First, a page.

Note that in a double category, a (1,1)-cell (i.e. a square) actually has four (0,0)-cells (i.e. objects) in its boundary. That makes me wonder whether instead of indexing things on posets, we are really indexing them maybe on free categories generated by directed graphs.

What happens in a double category, by the way, is that when I compose two (1,1)-cells $x$ and $y$ along a (0,1)-cell, the (1,0)-source and target of the result are the composite of the (1,0)-source and target of $x$ and $y$ along a (0,0)-cell. So it’s not written entirely in terms of $n=(1,1)$, $m=(0,1)$, and $k=(1,0)$; somehow another index (0,0) sneaks in there, so how is it being determined? Is it the meet of (0,1) and (1,0)? I haven’t thought about this much, though, just basically to this point and then I decided I had more important things to do. (-:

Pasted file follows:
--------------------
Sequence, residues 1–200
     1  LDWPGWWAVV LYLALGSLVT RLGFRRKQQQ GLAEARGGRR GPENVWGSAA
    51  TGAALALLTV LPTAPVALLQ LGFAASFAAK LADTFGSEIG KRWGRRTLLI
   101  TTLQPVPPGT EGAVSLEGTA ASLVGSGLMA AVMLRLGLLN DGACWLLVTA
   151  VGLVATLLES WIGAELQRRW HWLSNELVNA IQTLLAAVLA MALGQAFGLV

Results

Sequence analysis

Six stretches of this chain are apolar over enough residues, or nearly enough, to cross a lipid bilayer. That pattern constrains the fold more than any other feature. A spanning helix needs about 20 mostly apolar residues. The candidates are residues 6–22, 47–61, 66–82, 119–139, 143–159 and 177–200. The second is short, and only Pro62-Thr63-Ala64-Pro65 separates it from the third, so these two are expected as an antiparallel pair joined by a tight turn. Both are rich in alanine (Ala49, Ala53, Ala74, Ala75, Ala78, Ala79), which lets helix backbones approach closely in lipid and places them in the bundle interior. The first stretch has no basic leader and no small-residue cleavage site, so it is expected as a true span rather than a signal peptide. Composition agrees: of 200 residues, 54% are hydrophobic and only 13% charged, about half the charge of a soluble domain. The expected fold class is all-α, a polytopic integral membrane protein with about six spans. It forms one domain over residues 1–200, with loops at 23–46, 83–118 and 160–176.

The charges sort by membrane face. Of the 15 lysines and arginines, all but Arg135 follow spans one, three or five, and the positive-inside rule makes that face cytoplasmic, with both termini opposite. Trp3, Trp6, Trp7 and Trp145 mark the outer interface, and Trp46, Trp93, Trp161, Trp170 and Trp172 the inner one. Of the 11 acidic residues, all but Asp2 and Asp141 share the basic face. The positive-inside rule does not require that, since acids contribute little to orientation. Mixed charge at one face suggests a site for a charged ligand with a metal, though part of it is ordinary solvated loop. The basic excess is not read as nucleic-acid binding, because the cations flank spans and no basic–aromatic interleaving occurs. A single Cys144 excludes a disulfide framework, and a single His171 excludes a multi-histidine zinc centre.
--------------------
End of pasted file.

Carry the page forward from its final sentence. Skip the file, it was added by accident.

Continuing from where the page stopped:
Posted by: Mike Shulman on April 18, 2010 12:38 AM | Permalink | Reply to this

### Re: Symmetric Monoidal Bicategories and (n x k)-categories

Here’s an incredibly important question. Why, in your paper, do you say ‘$n \times k$ category’ but then avoid using the beautiful TeX $\times$ symbol when you speak of, say ‘1x2 categories’?

I really dislike using ‘x’ to mean ‘$\times$’ when prettier fonts are available. If a normal person did this I’d just assume they were being a lazy, ignorant slob. But you’re so perfectionistic that I figure you must have an entire philosophy lurking behind this decision!

I can make up a story about why wrote ‘n x k’ in the title of this blog entry: namely, because you noticed that TeX doesn’t work in the titles, and didn’t notice that HTML does.

(You could have used &times;.)

But in the TeX version of your paper…???

Posted by: John Baez on April 8, 2010 6:29 PM | Permalink | Reply to this

### Re: Symmetric Monoidal Bicategories and n×k-categories

If a normal person did this I’d just assume they were being a lazy, ignorant slob. But you’re so perfectionistic that I figure you must have an entire philosophy lurking behind this decision!

Hahaha! But can’t we all have our lazy and ignorant days?